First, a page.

"We've got to take care of business in the conference more than we did last year, plain and simple," Herrion said before Thundering Herd Madness on Friday. "No doubt, I think we always felt confident, but we just didn't produce on certain nights and we've got nobody to blame but ourselves in that regard.

"I think, obviously, the way we played three out of four days to get to the tournament championship game in Memphis was a testament to our kids, our staff, our stick-to-itiveness, our ability to find our groove, albeit late in the season, but you've still got to find it."

Herrion has averaged 20.5 wins per season in his six years as a head coach at College of Charleston and Marshall, and he likes the challenge of the Herd's schedule and the respect the program is receiving among the top 50 in America these days.

Star guard DeAndre Kane also got some good pub this week when College Basketball Talk on named the junior wing player as the C-USA preseason MVP.

"Being picked high means you have a chance," said Herrion, who will turn age 45 during the first week of this season. "Being picked low, we're all optimistic as coaches, but it usually doesn't translate very well. I'm happy people recognize and respect our program ... And I wouldn't think having beaten some of the people we'd beaten than we're going to sneak up on anybody."

He said the Herd needs "to play the best we can play. That's what they (the Marshall athletic administration) want, that's what we sell in recruiting, but let's don't kid ourselves. We played in the ninth-toughest league in the country last year ... Memphis, Southern Miss, UCF were very good ... The league has been good and will be good again, there's just a lot of change."

UCF is under NCAA sanctions, cutting the C-USA tournament men's field to 11 teams (five byes and first-round games of 6-11, 7-10, 8-9). UAB, Tulsa, SMU and Southern Miss have undergone coaching changes. Memphis, Houston, SMU and UCF are leaving the league after this season, to be replaced by Charlotte, Old Dominion, FIU, Louisiana Tech, North Texas and UT-San Antonio.

"Everyone wants to talk about the four so-called BCS teams we play (Kentucky, WVU, Cincinnati, Villanova)," Herrion said. "Nevada is coming here and I don't think anyone has any idea how good they are, with one of the best backcourts in the country. South Dakota State has one of the best perimeter players in the country (senior guard Nate Wolters, 21 ppg. last season). Ohio's got everybody back, and Jimmy (Christian, who moved from TCU, formerly at Kent State) is a really good coach."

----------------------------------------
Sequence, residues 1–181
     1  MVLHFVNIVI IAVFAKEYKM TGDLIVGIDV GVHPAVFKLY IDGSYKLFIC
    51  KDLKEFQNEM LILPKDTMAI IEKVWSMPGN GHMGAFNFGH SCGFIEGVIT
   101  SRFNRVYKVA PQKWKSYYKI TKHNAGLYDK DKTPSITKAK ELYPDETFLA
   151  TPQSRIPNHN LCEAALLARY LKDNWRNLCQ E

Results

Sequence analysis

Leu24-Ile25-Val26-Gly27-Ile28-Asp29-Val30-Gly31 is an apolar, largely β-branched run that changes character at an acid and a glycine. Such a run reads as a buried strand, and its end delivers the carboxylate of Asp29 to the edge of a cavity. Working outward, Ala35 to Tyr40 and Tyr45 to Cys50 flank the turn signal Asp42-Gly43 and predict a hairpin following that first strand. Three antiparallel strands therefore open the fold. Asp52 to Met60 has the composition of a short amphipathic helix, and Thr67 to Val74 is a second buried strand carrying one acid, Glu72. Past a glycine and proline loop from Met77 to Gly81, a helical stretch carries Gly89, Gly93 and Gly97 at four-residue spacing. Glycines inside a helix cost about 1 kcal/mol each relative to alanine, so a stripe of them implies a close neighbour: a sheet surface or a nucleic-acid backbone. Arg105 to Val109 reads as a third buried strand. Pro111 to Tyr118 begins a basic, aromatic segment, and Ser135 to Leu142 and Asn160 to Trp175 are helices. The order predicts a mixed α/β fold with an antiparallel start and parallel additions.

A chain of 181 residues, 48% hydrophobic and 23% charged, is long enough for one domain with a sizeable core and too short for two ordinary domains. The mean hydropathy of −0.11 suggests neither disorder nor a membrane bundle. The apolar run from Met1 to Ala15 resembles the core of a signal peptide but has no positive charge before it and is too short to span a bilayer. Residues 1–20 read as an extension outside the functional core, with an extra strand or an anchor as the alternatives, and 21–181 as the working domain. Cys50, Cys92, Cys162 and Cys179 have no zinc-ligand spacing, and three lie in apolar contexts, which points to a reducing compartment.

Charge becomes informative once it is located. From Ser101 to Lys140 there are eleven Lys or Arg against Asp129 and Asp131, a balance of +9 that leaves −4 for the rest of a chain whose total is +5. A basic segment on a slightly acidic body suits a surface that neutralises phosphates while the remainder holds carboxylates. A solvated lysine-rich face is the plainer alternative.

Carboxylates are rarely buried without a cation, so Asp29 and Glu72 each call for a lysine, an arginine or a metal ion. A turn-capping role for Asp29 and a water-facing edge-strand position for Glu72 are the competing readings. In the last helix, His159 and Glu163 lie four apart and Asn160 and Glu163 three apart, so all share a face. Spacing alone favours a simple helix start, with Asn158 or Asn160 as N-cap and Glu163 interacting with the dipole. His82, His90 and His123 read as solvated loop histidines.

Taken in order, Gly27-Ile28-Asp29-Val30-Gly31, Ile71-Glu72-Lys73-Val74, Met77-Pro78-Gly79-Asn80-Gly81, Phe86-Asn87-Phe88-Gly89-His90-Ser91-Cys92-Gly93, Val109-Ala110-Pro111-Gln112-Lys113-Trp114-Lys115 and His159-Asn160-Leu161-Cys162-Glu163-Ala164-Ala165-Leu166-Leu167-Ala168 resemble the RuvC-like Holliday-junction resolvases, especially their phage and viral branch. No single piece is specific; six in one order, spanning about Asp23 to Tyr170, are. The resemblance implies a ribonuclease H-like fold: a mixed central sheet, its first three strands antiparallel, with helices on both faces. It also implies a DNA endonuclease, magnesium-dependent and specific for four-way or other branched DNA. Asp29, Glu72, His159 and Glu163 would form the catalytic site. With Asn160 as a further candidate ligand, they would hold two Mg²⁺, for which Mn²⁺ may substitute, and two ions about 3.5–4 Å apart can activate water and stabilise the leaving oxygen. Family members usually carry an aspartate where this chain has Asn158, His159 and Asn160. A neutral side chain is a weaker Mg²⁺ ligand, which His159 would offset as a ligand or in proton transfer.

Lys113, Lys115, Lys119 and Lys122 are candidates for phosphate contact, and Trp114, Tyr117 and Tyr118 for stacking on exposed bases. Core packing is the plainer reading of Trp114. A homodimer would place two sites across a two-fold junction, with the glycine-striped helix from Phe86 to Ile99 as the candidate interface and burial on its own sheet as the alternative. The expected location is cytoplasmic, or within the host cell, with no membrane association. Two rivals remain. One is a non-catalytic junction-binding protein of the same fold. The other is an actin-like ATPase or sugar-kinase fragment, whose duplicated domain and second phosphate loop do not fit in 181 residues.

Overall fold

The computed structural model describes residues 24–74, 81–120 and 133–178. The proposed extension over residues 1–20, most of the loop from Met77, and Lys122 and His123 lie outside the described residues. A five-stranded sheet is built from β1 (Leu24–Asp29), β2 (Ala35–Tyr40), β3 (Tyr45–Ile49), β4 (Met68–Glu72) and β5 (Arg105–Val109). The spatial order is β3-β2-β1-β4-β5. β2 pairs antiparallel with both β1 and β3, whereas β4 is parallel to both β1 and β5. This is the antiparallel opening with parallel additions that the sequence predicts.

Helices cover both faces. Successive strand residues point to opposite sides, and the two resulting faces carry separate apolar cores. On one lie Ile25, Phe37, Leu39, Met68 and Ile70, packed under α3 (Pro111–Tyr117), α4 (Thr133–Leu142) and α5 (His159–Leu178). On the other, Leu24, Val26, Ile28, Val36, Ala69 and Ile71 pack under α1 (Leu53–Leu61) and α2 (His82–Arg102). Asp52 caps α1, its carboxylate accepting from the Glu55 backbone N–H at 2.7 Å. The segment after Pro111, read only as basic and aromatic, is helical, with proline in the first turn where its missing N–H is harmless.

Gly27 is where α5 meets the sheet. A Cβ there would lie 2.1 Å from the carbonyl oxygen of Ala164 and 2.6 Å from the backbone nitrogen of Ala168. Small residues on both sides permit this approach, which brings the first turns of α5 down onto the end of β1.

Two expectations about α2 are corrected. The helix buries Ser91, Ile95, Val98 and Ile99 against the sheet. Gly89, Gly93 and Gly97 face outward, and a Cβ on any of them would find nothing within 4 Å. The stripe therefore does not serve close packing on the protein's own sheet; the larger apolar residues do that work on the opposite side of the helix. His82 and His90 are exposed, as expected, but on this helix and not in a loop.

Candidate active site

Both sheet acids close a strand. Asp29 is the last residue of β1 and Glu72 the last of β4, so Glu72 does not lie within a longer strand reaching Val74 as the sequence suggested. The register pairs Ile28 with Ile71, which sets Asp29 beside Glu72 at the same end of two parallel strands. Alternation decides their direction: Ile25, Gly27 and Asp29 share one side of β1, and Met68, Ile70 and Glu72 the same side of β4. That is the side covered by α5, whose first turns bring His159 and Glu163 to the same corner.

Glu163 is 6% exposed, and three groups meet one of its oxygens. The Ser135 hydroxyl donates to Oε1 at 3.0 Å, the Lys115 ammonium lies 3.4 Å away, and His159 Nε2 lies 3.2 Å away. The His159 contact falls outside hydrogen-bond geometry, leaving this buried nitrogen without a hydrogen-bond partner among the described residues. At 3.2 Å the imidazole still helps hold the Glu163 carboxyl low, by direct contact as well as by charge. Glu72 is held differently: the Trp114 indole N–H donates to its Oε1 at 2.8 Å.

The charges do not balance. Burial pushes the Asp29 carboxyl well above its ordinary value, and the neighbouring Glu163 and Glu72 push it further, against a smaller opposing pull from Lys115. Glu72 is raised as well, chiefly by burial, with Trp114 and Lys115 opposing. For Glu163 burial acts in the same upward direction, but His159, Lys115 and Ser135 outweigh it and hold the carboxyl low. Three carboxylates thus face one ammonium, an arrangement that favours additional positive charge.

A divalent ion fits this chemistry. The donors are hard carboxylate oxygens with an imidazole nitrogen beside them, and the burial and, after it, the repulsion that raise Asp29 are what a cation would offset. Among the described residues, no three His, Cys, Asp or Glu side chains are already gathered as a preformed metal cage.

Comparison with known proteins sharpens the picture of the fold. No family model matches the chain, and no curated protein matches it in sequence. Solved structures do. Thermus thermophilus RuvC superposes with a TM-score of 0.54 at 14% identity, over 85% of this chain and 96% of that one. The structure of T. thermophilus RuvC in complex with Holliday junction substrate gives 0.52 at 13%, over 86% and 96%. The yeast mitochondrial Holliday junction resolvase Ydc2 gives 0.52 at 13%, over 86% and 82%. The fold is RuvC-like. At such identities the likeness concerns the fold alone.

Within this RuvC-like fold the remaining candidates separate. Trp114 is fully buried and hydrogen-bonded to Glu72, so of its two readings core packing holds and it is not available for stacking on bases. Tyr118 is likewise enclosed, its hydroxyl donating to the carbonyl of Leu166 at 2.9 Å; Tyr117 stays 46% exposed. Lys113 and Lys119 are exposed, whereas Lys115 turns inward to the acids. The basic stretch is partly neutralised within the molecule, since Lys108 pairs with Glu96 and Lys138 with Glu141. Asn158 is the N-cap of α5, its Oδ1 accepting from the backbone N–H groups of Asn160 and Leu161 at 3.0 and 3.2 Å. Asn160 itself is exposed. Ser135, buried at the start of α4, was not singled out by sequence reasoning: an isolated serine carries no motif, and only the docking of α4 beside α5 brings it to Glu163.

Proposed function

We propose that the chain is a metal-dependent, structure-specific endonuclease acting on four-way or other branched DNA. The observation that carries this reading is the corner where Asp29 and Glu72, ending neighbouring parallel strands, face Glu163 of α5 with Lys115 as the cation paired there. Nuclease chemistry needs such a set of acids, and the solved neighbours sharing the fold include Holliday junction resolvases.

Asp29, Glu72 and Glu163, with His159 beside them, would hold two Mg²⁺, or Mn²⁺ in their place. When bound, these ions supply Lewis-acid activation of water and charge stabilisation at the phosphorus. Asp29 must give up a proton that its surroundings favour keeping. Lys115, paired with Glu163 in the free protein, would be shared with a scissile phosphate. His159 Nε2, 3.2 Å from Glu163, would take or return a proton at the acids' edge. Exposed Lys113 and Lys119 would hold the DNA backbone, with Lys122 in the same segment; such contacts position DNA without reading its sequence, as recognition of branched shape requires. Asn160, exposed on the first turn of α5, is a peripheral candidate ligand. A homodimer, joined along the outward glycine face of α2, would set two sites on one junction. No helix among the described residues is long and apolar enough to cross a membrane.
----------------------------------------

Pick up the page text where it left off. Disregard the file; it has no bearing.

It still will come back to C-USA performance, Herrion believes, and Marshall's three road games against West Division teams (Houston, Tulane and UTEP) are the best three of the six, too. So, who could sneak up on the teams picked at the top?

 "There are a lot of good teams," Herrion said of the 2012-13 C-USA race. "I think East Carolina has a good chance to have a good year, great experience on the perimeter. I think UTEP will be vastly improved, and I think Tulane is sneaky good, got lot of pieces back and that's a team I think that can be among many. I think there's great depth and quality in the entire conference. It's better than people think."

The Herd, he believes, need to take care of what it sees in the mirror.

"Lots of our guys have made unbelievable strides, and there's obviously great deal of opportunity out there, and we've got some talented newcomers, lots of people who can fill different roles," Herrion said. We've got depth and we've got quality.

"There's going to be a lot of good competition every day and that's going to make us a quality team at some point."

While no one among the Herd faithful should nitpick about the program finally returning to the NIT, the Marshall goal in Herrion's third season is going one postseason step higher...and that means taking care of the regular season in its own conference.